Electronics

Is there a future for wearable tech?

If we go back a couple of years, wearables were a new and exciting technology that had the potential to change the way we live. The thought of not having to use your mobile phone to talk to your friends simply because our wristwatch would do it for us was just mind boggling. But has the novelty of these ‘game-changing’ accessories diminished?

We’ve seen each individual wearable try and fail at revolutionising the way we communicate, the way we learn, even the way we entertain ourselves. Take a look at Apple; so far in 2016 they’ve sold 1.1 million Apple Watches, that’s more than 70% fewer than 2015. So where are wearables going wrong? Well this comes down to two factors; either people don’t want to move away from current technologies, or people are more excited about a newer and better alternative.

The old

So what old technology poses a more exciting future than wearables? Think about it; what’s the most common form of technology we see all around us every single day? Mobiles.

Mobile phones have been around since the 70s and have been an integral part of our lives since their introduction.  Everywhere we go we see people clutching their handheld computers. Our mobiles not only act as cameras, browsers and communication devices, they’re our very own personal assistants.  So why would we want to take away from a technology that’s still growing and evolving year on year?

Well to put it simply, our smartphones do almost everything we can think of and wearables can’t. The major issue that arises when it comes to wearables is that you need to buy one for every different application you require. If you want to track fitness you need a FitBit. If you want to be notified of your next meeting you need an Apple Watch. If you want to take photos you need Snapchat Spectacles, and so on. People just aren’t motivated to spend so much money on multiple devices when they already have access to all those features on one central pocket-sized device.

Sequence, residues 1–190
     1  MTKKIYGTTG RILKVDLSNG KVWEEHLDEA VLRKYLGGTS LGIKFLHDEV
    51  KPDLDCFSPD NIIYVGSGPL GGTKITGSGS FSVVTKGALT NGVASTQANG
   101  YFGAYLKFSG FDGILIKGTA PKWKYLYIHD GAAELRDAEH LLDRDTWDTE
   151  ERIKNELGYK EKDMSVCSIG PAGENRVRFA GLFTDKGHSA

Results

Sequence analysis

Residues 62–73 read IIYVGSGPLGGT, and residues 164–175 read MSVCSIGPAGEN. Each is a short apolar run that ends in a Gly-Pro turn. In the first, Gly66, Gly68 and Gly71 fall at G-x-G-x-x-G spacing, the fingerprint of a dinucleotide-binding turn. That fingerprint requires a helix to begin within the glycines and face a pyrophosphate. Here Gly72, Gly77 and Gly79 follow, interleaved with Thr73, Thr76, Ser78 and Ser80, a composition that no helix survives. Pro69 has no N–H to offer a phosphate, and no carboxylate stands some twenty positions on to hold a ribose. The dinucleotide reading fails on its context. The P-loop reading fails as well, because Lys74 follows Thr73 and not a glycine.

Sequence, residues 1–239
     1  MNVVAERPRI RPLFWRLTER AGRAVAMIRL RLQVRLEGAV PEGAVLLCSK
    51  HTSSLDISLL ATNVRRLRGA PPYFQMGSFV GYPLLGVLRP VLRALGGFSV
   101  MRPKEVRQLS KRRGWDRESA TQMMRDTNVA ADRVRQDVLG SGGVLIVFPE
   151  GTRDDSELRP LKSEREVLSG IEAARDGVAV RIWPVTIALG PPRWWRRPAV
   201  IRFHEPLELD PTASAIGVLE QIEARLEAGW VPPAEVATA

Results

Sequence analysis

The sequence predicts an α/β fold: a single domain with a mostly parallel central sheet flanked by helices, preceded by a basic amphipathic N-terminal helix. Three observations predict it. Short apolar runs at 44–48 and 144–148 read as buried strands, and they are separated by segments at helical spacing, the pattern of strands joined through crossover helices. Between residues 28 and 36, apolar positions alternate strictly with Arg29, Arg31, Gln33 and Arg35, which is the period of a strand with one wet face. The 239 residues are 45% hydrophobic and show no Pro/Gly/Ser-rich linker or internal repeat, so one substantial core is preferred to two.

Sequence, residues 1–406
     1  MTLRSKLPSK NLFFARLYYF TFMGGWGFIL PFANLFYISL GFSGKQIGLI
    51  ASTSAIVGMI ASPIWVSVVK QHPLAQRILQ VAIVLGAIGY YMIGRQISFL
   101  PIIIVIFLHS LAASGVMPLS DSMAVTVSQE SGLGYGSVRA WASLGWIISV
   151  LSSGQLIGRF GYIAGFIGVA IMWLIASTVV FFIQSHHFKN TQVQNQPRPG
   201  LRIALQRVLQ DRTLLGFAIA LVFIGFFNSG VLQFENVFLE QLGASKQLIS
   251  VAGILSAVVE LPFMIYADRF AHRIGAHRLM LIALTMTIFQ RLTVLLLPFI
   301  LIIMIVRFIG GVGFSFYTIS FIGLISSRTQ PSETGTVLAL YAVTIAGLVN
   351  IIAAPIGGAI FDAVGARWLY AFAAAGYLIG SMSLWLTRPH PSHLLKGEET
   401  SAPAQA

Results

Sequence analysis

Admittedly smartwatches are getting better and are equipped with features that make them comparable to mobiles, but they just don’t seem as popular anymore. Everybody is craving bigger and better displays in order to heighten the experience of using devices. This causes the 1.5 inch display of smartwatches to be truly incomparable to a 5.5 inch smartphone display. Would you compromise the luxury of a big display for something that sits on your wrist instead of in your pocket?

The new

Like most technologies, new devices and features constantly threaten the success of wearables. So what technology is causing us to lose interested in our futuristic accessories? Artificial Intelligence (AI) is taking over, but what is it?

AI is exactly what it says on the tin; an intelligent machine that ‘learns’ from it’s environment in order to apply actions to achieve an end goal. But why is this causing us to lose interest in wearable tech? AI brings something to the table that no previous technology has been able to, the ability for us to take actions without touching a device. We now live in a world where we can automate our lives with smart-homes, autonomous cars, intelligent assistants and even automated purchase predictions. And this is an industry that’s just dipping it’s toe into the water; in the next few years we’ll see it expand to all aspects of our lives.